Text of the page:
Chile on fast track to develop better stonefruit

More News Top Stories
Chile on fast track to develop better stonefruit

For a year now, Chile's Fruit Technology Consortium and the Agricultural Innovation Foundation (FIA) have been developing new stonefruit varieties  in hopes of improving a national industry that has suffered setbacks due to difficult climatic conditions and low plums_ffpperformance.

Project coordinator Jaime Kong spoke with about what sets this development project apart from the typical breeding program.

"It is about speeding along evaluation time for stonefruit cultivars - peaches, nectarines and plums - through a genetic improvement program. In general, these stonefruit programs take between 12 and 15 years from the moment they start breeding until you get a commercial variety," Kong said.

"These cultivars come with outstanding features subject to very strict protocol. We have the input of member exporting companies that tell us which characteristics the industry needs. The fruit that meet the attribute qualifications go directly to the commercial evaluation phase."

To speed up the process, cultivars are replicated at five locations between Region V (Valparaíso) and Region VII (Maule) and then go on for market evaluation. The process decreases development time for a new breed to reach the market from 12 years to eight years.

"Exporters join us in the second, evaluation phase and at the end of this four-year phase, we will have commercially evaluated breeds that can be converted into commercial varieties. To date we have 15 preselected cultivars and every year we add 10 more," Kong said.

The need to develop unique varieties

For Kong, Chile is in a difficult situation in terms of competitiveness, as markets become increasingly more demanding and consumer tastes vary across markets.

"Today the mix is shifting. The consumer picks based on flavor, on the experience and markets today are setting themselves apart. The U.S. market is stagnant because there isn't much room to grow and Europe is experiencing a crisis. We need to diversify the markets toward Asia and Latin America," Kong said.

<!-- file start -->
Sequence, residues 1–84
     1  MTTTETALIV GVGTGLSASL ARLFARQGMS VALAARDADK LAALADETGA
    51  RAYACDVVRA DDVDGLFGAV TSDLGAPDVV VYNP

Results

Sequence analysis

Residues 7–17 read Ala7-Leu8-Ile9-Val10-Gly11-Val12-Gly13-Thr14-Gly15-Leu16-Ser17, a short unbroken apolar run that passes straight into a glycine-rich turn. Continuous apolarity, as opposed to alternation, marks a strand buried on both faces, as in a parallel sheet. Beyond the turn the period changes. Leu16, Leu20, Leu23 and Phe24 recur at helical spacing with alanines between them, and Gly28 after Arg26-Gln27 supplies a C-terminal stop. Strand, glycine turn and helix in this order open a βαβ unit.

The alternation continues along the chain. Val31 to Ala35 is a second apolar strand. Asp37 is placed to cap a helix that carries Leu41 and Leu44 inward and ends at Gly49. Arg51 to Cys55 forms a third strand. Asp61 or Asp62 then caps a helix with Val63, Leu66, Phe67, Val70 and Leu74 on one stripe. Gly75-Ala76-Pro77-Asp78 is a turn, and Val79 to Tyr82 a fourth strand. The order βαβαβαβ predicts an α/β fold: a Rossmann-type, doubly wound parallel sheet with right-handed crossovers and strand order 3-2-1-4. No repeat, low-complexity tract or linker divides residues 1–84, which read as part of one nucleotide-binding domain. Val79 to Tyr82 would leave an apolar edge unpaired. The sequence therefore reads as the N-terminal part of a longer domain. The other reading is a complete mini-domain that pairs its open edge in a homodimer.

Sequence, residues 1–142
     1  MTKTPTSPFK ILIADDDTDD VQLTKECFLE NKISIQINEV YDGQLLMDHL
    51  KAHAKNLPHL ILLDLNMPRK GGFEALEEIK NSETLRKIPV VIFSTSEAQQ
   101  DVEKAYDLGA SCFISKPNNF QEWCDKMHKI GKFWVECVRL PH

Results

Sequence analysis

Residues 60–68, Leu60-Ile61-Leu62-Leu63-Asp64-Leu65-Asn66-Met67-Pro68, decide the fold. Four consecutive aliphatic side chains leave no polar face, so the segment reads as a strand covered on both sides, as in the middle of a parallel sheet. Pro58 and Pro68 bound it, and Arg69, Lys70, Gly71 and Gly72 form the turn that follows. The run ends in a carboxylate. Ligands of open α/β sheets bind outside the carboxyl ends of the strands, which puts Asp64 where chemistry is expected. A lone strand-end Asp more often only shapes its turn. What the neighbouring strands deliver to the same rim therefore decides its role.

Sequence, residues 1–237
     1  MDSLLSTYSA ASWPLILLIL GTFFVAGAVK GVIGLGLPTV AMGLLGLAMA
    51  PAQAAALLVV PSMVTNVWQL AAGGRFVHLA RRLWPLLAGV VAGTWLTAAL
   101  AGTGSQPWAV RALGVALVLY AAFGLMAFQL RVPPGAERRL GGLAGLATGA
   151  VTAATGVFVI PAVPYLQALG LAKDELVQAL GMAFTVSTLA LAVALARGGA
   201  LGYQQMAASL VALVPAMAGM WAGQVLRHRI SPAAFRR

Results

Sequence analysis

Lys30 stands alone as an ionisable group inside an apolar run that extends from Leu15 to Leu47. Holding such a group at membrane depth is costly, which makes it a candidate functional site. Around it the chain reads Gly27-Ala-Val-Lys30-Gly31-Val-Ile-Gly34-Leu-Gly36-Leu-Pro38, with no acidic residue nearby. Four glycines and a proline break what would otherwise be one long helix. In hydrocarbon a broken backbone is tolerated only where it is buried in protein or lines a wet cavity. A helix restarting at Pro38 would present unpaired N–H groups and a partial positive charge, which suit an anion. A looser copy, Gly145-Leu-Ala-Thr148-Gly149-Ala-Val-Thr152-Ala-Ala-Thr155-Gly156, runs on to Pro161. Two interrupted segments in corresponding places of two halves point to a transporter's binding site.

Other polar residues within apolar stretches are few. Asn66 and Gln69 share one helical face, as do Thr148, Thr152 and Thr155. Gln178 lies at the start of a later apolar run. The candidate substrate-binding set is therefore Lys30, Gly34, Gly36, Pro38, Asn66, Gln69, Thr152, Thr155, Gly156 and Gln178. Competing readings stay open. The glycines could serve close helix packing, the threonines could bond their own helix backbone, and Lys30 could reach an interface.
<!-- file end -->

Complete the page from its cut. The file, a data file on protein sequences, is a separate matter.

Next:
"The genesis of our consortium is to respond to the country's need to count on new varieties that improve market arrival condition, that reduce production costs and that have better durability. There's a need to stop relying on foreign varieties where you have to pay a royalty and you don't have the certainty that they are going to work here."

According to Kong, climatic conditions have caused low productivity and fruit sales.  In turn, this brings lower availability and lower quality.

"We need value-added fruit and right now, we don't have that. Today the fruit is in a commodity category and if we compare them to new varieties that have been developed around the world, those have a better price. They also have a plus because they have more sugar, better flavor and more durability. That's what we're aiming this project toward," he said.

"The objective of this project is to improve profitability across the chain, because you're offering value-added fruit, lower production costs, increased productivity and a process that's more environmentally sustainable and friendly."

After finishing the first commercial evaluation stage in 2015, the most outstanding hybrids will be officially disclosed under established Agriculture and Livestock Service (SAG) protocol to protect intellectual property.

The fruit consortium also works with genetic improvement programs for apples, grapes and cherries.


-Chile's stonefruit exports for the past year reached US$612.4 million, a 25% increase over 2010.

-Stonefruit are one of the top fruit categories, next to table grapes, apples and berries.

-Chile's main stonefruit export destinations are the U.S., Europe and Latin America.

Subscribe to our newsletter